12 Foods You Must Toss After Their Expiration Date Soft cheeses
How long they last: One to two weeks, depending on the type of soft cheese; however, they should be tossed at the first sign of spoiling
Harder cheeses like cheddar or gouda have a longer shelf life in the fridge because it’s more difficult for bacteria and mold to permeate them. Once opened, though, hard and processed cheeses last about three to four weeks, according to the Academy of Nutrition and Dietetics—and you can cut out a one-inch square around a small moldy area and use the rest of the cheese if you have to.
However, softer cheeses like ricotta, cream cheese or goat cheese are more susceptible to bacteria and should be tossed at the first sign of spoiling or once the expiration date has passed, whichever comes first. As a general rule, the softer the cheese, the shorter the shelf life, so two weeks max for cream cheese and one week for ricotta, say the experts at the Academy of Nutrition and Dietetics. Something else to take note of: Does butter actually expire?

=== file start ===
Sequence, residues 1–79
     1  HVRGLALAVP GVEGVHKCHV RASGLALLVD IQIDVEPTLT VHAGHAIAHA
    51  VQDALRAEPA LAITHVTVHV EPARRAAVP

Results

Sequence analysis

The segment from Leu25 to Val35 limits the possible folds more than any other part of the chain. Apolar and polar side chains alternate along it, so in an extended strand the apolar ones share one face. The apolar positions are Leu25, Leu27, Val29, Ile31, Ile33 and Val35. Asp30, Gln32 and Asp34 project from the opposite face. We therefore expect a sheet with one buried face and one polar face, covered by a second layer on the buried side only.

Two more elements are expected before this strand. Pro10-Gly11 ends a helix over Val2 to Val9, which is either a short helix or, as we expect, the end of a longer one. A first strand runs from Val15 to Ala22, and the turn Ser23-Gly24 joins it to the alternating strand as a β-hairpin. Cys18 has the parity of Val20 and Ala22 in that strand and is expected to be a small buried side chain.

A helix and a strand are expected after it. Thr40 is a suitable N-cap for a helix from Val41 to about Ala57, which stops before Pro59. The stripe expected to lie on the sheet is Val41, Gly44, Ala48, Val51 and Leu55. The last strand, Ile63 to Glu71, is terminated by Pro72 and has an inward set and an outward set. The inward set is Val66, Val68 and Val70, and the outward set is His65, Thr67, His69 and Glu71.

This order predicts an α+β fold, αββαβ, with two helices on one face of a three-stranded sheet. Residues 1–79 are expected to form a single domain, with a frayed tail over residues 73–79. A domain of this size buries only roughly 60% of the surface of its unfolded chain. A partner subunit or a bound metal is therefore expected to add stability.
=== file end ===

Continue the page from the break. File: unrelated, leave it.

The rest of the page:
How long they last: One month or one year, depending on the condiment; however, they should be tossed if there’s discoloration or an odd odor
It may seem like spreads and sauces last forever, but just because they’re in a glass jar tucked away in the cool refrigerator doesn’t mean they’re untouchable by bacteria. “Once you’ve opened the lid, that safety seal is broken, and you should be using that condiment in a timely fashion,” says Crandall. “In addition, as we make sandwiches, for example, we dip our knife into the spread container and wipe it onto the sandwich and then dip it back into the container. By doing this you’re putting some of that bacteria back into the container.”
Mustard can last up to a year in the fridge, but chuck the salsa after one month, mayo after two, BBQ sauce after four months and ketchup after six, according to New York’s Department of Agriculture. But if you notice any water floating on top, discoloration or weird smells, it’s best to toss it no matter how long it’s been refrigerated.
How long it lasts: Three to five days
Similar to jarred spreads, potato, tuna or egg salads are more susceptible to bacterial growth because they have more instances of exposure—say, when you take just a few scoops at a time from the container. You may also simply forget that the salad has been sitting there for days. And once your salad has been contaminated, you’re more at risk for food poisoning. “Our food system is very safe, but sometimes when things fall out of temperature or if there is bacteria introduced, we have to be extra cautious,” says Crandall. So toss deli or homemade salads after three to five days, warns the USDA. If you want to sprinkle some salt on that potato salad, here’s what to know about salt expiration.